A narrative is a story – a written or oral account of events. It is not static and can be expanded, elaborated and embellished over time. Narratives can be a benign form of entertainment, or a powerful tool in changing the way people make sense of themselves and their world. Narratives are built as people interpret and link together a sequence of events across time. Since humans live in a complex world, multiple stories can occur at the same time, and the same experience can lead to many different conclusions. Political elites know this and, consequently, make sure that they control the narrative-building process.
Narratives as political tools
Political narratives provide a framework for interpreting the existing political realities. The media and ‘intellectual’ elites play a key role in shaping these narratives by controlling the means and methods of information generation and dissemination. Moreover, they often use innuendo and selective reporting to author and re-author narratives. An event occurs, the news is reported. Then a new twist is added and echoed by others. Seemingly ‘innocent’ details are added to made the new story more vivid. The hope is that eventually the altered story will become the dominant narrative. In the following sections, I will use three case studies to illustrate how this is done systematically:
CASE 1: Multiple bomb blasts occur at the Mahabodhi temple in Bihar
Despite specific prior warnings by the Intelligence Bureau, security measures were not adequately strengthened to prevent the blasts at the shrine. As the news broke, most responded with shock, while some resorted to spin-doctoring.
A little while later, a narrative began to take form implying that BJP and Narendra Modi were somehow responsible:
Step 1: Mention two events ‘innocently’ in the same breath
Step 2: Let someone draw more direct links
Step 3: Certain journalists from the mainstream media echo the view (the journalist cited below example is from Kafila).
Step 4: Members of the political elite echo the story (Digvijay Singh is a senior leader of the Congress)
Mr Singh later went on to say that non-BJP States should be on high alert, implying the role of Hindu outfits in the terror attack (see this link). Thus, an ‘innocuous’ comment builds up into a full-blown narrative. Even if nothing is ever proven, the subconscious link between Modi and terrorism is created at least in the minds of some people.
CASE 2: Hyderabad blasts
In the earlier example, one could of course argue that the initial comment by Sagarika Ghose was an innocent remark that should not be over-analysed. However, this is a pattern that is repeated over-and-over again. Here is another example of a similar situation relating to bomb blasts in Dilsukh Nagar, Hyderabad a few months earlier. Coincidence?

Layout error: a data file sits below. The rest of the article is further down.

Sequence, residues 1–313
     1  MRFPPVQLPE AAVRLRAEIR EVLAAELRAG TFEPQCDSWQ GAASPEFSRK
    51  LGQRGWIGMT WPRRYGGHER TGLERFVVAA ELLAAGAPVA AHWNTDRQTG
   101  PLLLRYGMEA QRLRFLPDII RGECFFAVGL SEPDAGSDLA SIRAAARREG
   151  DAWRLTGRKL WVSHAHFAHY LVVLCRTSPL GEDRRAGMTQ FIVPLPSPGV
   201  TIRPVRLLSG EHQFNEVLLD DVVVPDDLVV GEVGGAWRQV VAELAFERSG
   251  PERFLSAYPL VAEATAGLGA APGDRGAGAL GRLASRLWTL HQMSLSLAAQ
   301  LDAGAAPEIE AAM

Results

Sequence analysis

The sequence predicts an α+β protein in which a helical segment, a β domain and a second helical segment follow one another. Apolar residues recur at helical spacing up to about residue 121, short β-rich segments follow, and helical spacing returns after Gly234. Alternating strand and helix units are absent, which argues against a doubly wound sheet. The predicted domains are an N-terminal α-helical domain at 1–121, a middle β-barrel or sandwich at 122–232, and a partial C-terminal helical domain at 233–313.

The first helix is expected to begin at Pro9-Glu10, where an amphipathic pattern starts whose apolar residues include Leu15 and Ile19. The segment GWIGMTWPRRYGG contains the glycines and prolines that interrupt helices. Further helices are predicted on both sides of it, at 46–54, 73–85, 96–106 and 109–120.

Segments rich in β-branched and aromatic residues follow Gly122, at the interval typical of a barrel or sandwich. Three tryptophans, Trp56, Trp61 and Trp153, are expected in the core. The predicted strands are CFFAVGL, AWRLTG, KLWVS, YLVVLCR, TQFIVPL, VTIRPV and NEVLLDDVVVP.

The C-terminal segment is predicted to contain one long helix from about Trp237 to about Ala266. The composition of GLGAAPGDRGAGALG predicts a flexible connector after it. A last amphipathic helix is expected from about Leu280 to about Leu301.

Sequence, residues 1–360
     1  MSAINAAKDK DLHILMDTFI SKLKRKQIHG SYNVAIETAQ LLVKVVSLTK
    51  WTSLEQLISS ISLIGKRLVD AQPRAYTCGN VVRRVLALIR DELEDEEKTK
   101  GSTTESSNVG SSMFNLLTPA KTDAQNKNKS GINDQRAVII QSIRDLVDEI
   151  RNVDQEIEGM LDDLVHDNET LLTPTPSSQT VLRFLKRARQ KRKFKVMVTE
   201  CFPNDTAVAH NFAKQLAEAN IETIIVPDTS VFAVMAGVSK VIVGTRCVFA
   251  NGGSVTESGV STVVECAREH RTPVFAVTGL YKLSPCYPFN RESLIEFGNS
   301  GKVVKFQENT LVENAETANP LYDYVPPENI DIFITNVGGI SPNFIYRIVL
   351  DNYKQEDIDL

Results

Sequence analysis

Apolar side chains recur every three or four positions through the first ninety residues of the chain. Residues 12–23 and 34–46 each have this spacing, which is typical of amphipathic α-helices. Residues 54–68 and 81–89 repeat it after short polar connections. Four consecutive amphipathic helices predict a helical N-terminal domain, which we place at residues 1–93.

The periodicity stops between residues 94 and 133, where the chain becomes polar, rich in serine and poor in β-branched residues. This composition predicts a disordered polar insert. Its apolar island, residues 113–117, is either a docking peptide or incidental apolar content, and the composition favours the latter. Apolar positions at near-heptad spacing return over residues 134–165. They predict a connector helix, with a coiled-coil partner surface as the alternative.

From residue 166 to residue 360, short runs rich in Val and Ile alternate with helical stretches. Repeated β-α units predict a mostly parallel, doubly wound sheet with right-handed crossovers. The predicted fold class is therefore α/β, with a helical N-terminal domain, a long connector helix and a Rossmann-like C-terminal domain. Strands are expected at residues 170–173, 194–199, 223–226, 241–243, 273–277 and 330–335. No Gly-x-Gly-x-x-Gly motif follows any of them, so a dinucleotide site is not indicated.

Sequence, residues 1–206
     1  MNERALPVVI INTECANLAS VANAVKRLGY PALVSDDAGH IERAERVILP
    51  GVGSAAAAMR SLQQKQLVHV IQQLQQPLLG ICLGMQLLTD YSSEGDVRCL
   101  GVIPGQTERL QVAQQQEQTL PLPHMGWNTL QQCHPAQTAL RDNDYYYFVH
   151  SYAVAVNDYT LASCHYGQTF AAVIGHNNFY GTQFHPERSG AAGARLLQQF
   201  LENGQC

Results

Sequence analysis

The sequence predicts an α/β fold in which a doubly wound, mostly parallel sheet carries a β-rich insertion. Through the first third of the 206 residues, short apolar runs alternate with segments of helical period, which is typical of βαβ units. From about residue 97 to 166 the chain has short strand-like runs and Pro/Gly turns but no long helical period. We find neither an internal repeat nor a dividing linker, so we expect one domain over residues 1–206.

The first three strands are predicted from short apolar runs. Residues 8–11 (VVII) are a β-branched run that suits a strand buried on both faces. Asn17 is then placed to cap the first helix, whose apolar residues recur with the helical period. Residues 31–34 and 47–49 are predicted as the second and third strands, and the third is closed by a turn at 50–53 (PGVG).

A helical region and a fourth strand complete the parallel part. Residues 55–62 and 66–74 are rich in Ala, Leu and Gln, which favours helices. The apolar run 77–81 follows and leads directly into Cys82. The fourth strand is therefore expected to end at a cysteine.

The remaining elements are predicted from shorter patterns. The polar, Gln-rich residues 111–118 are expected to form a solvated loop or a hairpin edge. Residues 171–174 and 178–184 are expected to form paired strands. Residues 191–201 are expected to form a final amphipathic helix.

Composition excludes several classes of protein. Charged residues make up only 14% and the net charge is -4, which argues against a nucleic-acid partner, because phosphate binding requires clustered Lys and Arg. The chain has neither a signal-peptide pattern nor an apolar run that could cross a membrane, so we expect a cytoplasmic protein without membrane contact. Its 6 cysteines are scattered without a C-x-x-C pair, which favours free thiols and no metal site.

Step 1: Mention irrelevant detail – in this case meat shops – to subtly suggest that Dilsukh Nagar has a large Muslim population (therefore the possibility that this is a case of Hindu terror).
Step 2: Some usual suspects build up direct links:
Dilsukh Nagar is in fact a Hindu dominated area. Times of India carried an article, which reported that the area had been on the Indian Mujahideen radar since 1999 (see link). The police believed that the initial target was the Sai Baba temple in the area (see link). However, all this information is incidental. The Main questions that are begging to be answered are: What was the need to make any innuendos at a sensitive time? What happened to good old reporting of facts? Who is fanning the flames of communal divide and why? What is the need to bring in religion constantly and poison people’s minds when terror has no religion?
Case 3: Narendra Modi gives an interview to Reuters
In the interview, Modi is asked about his view on the 2002 riots. He used an analogy to the effect that as a human he would feel pain even if his car were to run over a puppy. Therefore, it is but natural for him to feel pain for the loss of human lives that occurred during the riots.
Step 1: A rival politician deliberately misrepresents the comment:
Step 2: A prominent member of the ‘intellectual elite’ picks it up and builds up a story in a series of tweets:
Step 3: The usual suspects take up the chorus and there is a lot of noise
Step 4: Another prominent member of the ‘neutral’ media keeps the pot boiling (note the use of quotation marks below)
Step 5 : Other politicians take up the narrative and score political points (Priyanka Chaturvedi is a Congress spokesperson):
But what actually happened in the interview? This is what the Reuters journalist who took the interview had to say on the matter:
It is quite interesting to see how a narrative is built up and sustained by a small group of people. The examples used above are from twitter, but many of the key players are prominent media persons as well. Thus this story-telling is being reinforced thorough newspaper columns, television debates and academic seminars. While the cited cases are new, this process has been going on for decades.
The only way to change this system is to recognise what is happening, and build counter narratives. The alternative stories may not be enough to change a person’s initial opinion. However, these will eventually be catalysts for a more thought-based approach, rather than blindly relying on what is being told to us.